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The home for VPR's coverage of health and health industry issues affecting the state of Vermont.

Vermont's Flu Season Is Past Its Peak — But It Isn't Over Yet

A nurse's hand holds a flu shot and prepares it with a vaccine vial.
David Goldman
Associated Press File
This file photo, taken Feb. 7, shows a nurse in Atlanta preparing a flu shot. Vermont Health Commissioner Mark Levine says the state is no longer in its peak flu season, but it "is still active."

This flu season has been a tough one for Vermont and the rest of the country, in part, due to the predominant presence of the strain influenza A H3N2. But even though it's April, the flu is still on state health officials' radar.

The current flu season in Vermont

“The flu season is still active, but we're no longer at what the CDC terms a widespread geographic impact,” said Dr. Mark Levine, commissioner of the Vermont Department of Health.

“The amount of flu symptoms being reported across the state is lower than it was at its peak — and the peak occurred in February and March,” Levine added.

As far as the number of flu-related hospitalizations that were reported in Vermont this season, Levine says a final number hasn't yet been determined.

"At the peak of [flu season], it was close to around 10 percent of hospital visits that people reported influenza-like symptoms, which is quite high. We know that it’s lower now," Levine explained.

Preliminary data shows that there have been 22 deaths with an underlying cause of influenza so far in Vermont.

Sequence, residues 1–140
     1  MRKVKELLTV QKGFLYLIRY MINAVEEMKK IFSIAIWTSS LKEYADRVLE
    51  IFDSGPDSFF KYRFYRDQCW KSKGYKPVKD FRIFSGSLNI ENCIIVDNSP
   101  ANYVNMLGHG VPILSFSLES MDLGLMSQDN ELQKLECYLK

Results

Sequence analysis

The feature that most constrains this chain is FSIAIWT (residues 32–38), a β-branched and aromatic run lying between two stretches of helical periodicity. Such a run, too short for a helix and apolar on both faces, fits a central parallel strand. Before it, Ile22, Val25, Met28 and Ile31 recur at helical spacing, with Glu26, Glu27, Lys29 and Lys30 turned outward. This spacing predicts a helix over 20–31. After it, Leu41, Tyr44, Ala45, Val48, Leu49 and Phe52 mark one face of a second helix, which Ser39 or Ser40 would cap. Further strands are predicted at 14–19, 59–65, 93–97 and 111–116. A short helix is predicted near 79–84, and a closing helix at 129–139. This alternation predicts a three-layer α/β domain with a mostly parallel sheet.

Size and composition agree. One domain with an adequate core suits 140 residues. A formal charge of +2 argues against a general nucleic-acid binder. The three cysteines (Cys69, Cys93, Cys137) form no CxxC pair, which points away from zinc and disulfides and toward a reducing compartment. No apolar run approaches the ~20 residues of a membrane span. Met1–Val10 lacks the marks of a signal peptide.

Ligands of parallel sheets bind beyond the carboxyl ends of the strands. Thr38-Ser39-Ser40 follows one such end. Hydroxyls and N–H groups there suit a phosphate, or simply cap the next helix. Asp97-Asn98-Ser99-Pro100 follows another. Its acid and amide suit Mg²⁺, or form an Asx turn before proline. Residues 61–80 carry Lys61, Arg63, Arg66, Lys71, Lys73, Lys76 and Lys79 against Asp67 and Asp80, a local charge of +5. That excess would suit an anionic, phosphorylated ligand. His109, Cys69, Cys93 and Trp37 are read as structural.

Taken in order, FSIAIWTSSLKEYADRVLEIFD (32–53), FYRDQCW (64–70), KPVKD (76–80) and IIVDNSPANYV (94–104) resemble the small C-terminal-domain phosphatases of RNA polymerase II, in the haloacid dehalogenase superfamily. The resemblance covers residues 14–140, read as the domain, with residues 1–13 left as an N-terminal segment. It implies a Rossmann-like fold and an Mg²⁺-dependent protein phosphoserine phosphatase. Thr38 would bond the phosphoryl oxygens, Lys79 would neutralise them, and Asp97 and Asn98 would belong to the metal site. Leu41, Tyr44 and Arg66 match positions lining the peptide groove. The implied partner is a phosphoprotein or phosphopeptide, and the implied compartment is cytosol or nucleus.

“We hope that the number is precise but that may be subject to change," Levine said. “The good news — I mean, there’s never good news with deaths — but … they were all adults, none of them were pediatric."

Levine credits that, in part, to the amount of vaccines available this season for children in Vermont.

Levine added that as far as the death rate in adults, even if the flu is listed, it is often because it was an adult who had an underlying immune compromising disease or a set of chronic diseases and that the flu is “sort of the final straw.”

How does it compare to previous seasons?

"This was one of the harder seasons," Levine said.

He explains that’s most likely because the predominant strain, Influenza A H3N2, tends to produce a more severe flu season, and that the efficacy of the vaccine for that strain was not anywhere near what people had hoped. 

Although, Levine adds, the vaccine did turn out to be a little better than some of the earlier statistics had predicted.

Is it worth getting a flu shot this late in the season?

While Levine said it is never too late to get a flu shot, he does note that it takes a couple weeks for your body to respond to the flu shot, so there's a little bit of a diminishing return at this time.

How much longer can we expect flu season to last?

We aren't in the clear yet — Levine says flu season will certainly last through this month.

“The flu is a little bit like the winter in Vermont," Levine said. "Just yesterday, we still saw snow, and we could still see more flu, although we think that’s less likely.”

Tabitha was the spring 2018 newsroom intern at VPR.
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